New Castle Gardens previously produced a series of videos in order to allow for garden education while social distancing is necessary. Check out our full list of class curriculum PDFs and watch for more videos below.
Garden Classes – Rose & Perennial Pruning 101
Saturday 4/10 at 10 am
Suggested donation of $5
Masks & Social Distancing
Learn by doing! We will cover proper pruning techniques. Then we will work on pruning perennials and roses.
Bring Your Tools
Garden Center Goods – Briarwood Lane Flags & Spinners
We have expanded our selection of goods in the Garden Center. We are happy to say that we are carrying Briarwood Lanes flags, spinners, and windsocks. Add some whimsy to your garden or house.
Kitchen to Garden Secrets
I like to use what I can from my kitchen in my garden. If you can eat it, it is generally safe to use in the garden.
When you hard-boil eggs, save the water. Calcium leaches from the shells when they are boiled. Calcium is especially important for tomatoes. It prevents blossom-end rot.
Add Epsom Salts when you add Calcium. Epsom Salts are not a true salt, this is a misnomer. They are almost pure Magnesium. The Magnesium is needed to make Calcium bioavailable.
When you boil or steam veggies or pasta, save the water. Let it cool and water the plants you are growing. The nutrients in the water feed your plants. The vitamins in the water are bioavailable after soil microorganisms break them down.
Put left over coffee and coffee grounds in your garden. Coffee is high in nitrogen and lowers the pH (especially important with our basic soils and water).
Save your banana skins and let them dry outdoors. Plant them next to your plants. You can also soak them in water and use that water on the plants. As they steep or decompose, they add potassium as well as small amounts of nitrogen, phosphorus and magnesium.
Chamomile tea helps to prevent fungus on seedlings. Chamomile tea is high in sulfur. Sulfur fungicides work best in our high pH climate. Spray your seedlings with it either before sunrise or after sunset.
Save your fruit and vegetable peelings and scraps. Not only can you add them to your compost, you can use your blender or food processor to make a slurry. Use this when you water your plants. The nutrients from your scraps add valuable nutrients to your plants.
Remember, you can always add these items and many more to your compost pile.
Featured Artist – George W. Cutting III
George W. Cutting III is a gifted photographer. We are lucky to have his work in our store. George has been incredibly involved in our community. We all miss him, but wish him well in Alaska. Now we all have the perfect reason to visit Alaska. We love you so much George.
Mountain Gardening 101
Saturday 4/3 at 10 am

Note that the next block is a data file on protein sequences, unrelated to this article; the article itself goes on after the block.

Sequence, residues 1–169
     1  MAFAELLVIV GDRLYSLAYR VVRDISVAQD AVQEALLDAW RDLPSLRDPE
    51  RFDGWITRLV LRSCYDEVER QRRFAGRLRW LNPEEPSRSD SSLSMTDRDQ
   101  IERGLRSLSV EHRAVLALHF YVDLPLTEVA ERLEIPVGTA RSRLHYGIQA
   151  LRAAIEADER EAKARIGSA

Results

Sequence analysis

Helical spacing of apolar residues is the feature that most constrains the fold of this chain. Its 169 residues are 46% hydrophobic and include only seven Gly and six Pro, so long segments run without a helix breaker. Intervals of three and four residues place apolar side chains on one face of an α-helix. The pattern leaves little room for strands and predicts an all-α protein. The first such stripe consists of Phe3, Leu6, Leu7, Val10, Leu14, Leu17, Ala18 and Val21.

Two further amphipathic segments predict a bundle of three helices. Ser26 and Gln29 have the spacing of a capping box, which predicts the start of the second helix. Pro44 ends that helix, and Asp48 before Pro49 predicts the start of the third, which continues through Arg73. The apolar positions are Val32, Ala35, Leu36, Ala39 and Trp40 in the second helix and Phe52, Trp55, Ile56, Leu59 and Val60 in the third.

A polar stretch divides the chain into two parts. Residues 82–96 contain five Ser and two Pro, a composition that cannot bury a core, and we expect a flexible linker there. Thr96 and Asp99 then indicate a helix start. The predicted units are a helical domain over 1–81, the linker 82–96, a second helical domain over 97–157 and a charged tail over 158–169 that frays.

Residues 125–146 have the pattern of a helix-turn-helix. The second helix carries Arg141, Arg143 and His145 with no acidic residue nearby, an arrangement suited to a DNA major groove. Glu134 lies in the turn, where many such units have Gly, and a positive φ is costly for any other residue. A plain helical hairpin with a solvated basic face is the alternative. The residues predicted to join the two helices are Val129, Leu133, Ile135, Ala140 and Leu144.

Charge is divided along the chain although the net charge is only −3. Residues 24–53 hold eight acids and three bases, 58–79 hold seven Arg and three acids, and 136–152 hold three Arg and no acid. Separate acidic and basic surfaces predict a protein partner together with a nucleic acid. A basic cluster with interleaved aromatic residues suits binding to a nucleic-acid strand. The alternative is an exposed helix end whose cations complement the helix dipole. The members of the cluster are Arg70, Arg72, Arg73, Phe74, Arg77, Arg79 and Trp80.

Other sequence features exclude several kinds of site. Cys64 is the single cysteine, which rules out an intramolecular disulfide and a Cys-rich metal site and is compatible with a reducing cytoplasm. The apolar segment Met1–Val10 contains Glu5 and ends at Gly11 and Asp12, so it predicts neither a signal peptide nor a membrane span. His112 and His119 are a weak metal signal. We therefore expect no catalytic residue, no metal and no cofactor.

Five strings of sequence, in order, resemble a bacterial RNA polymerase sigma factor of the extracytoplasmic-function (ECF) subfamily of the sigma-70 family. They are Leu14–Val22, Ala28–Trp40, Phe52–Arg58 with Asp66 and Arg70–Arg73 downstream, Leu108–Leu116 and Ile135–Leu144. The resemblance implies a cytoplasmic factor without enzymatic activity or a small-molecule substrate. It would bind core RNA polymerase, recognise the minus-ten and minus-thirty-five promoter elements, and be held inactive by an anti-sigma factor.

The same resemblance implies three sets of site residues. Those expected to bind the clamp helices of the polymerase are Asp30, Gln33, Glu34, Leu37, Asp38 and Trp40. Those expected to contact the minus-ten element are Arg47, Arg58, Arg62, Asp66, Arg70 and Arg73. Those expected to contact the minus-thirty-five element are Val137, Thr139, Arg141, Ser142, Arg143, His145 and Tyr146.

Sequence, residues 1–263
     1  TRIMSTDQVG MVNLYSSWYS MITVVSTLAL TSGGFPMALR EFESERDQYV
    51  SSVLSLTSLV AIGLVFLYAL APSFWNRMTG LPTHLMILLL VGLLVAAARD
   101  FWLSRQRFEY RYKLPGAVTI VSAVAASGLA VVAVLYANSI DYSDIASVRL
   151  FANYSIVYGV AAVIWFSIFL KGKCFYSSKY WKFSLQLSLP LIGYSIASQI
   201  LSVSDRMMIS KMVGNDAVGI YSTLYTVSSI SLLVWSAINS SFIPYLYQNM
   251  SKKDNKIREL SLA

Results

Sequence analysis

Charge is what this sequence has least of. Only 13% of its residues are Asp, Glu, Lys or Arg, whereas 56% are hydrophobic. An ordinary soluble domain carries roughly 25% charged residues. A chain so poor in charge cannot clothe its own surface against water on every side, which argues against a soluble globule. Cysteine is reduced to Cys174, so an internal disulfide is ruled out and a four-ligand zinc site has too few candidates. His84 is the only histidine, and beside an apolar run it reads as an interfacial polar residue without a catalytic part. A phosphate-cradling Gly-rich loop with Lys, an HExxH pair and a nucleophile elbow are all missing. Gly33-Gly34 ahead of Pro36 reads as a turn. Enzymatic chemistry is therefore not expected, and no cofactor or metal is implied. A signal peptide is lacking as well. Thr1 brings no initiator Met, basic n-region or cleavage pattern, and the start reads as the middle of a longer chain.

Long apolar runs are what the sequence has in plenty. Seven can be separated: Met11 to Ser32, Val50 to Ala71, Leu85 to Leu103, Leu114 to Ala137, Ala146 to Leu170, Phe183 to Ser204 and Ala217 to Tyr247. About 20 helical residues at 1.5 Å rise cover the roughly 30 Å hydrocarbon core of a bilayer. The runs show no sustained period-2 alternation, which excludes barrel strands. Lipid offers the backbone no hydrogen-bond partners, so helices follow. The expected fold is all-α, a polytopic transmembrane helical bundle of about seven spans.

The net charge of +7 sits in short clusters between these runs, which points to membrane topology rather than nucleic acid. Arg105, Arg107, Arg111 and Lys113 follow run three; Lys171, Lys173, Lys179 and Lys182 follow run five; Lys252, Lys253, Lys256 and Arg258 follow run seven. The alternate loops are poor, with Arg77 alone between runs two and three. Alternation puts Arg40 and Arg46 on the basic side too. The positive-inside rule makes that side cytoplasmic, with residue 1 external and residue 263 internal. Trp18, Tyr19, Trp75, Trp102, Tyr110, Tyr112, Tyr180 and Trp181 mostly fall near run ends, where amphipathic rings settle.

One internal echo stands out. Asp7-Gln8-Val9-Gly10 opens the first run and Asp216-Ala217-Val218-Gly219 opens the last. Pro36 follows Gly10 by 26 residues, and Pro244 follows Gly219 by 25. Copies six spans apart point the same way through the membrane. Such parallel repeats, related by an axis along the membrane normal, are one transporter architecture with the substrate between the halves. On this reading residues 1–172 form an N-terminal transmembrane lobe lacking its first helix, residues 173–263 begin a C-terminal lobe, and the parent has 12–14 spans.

Suggested donation of $5
Masks & Social Distancing
Taught by Lindsay Graves of
Fourth Street Farm
Getting an abundant harvest in your mountain vegetable garden starts with a great plan. Learn the basics of our seasons, plant families, garden planning, and walk through a three season garden plan during our Mountain Gardening 101.
April Garden Calendar
In April, garden cleanup is a priority. Rake leaves and debris from around trees, shrubs and other garden areas. Check trees and shrubs for broken or dead branches and prune when necessary.
In an established asparagus bed work nitrogen fertilizer around plants before spears emerge.
Soak Parsley seeds 24 hours before planting ¼-inch deep.
Dill seeds should be pressed lightly into the soil.
It’s not too late to plant all varieties of peas and potatoes.
Start tomato seeds.
Plant lettuce, chard, spinach, kale, beets, carrots, radishes, and onion sets.
Start seeds of flowers like zinnias and celosia that need four weeks before planting outside.
Plant Hyacinth Bean vine indoors, an annual vine that put on a beautiful show mid to late summer.
Start thinning vegetable seedlings to recommended spacing.
Transplant: When soil has thawed, divide and transplant summer and fall blooming perennials.
Roses: Once new growth starts, usually mid-April, slowly remove mulch from around the plants. Prune dead or damaged canes first, then prune all other canes to approximately 1 to 2 feet above ground. As active growth appears, fertilize with a rose food formulation. Do not prune live canes of climbing roses. However, cutting out dead canes is recommended.
Lawn care: Core aeration is one of the most beneficial things you can do to maintain a healthy lawn. It is also time to start fertilizing your lawn.
Weeding: Hand pull weeds before they get too big or there are too many. If possible, make this the year you don’t use chemical herbicides. We carry 30% horticultural vinegar.
Adapted from: https://gazette.com/news/year-round-gardening-april-garden-calendar/article_5d4b4889-40df-50b3-8a5e-650daa0f594c.html
Bulk Topsoil & Compost
We are fully stocked with topsoil and compost. You can purchase them individually or we can mix them to make an amended topsoil, your choice! You will need to bring a pick-up or trailer so that we can load you up. Sorry, we do not do deliveries.
After a crazy 2020, we have restocked the entire Garden Center. We carry a full line of necessary garden tools. We have also restocked all needed garden accessories. Drop in to browse our products.
Garden Secrets – Willow Tea
Willow bark contains natural plant growth hormones which can be used for rooting new cuttings.
The growth properties of Willows are due to the naturally occurring plant rooting hormones that they contain. We can make extracts from Willows to induce rooting on cuttings of other plants. The way this works can be attributed to two substances found within the Salix (Willow) genus,
indolebutyric acid (IBA), and salicylic acid (SA).
From: Deep Green Permaculture
To make the tea harvest the green new growth, cut it into small pieces, add boiling water, and let sit for at least 24 hours.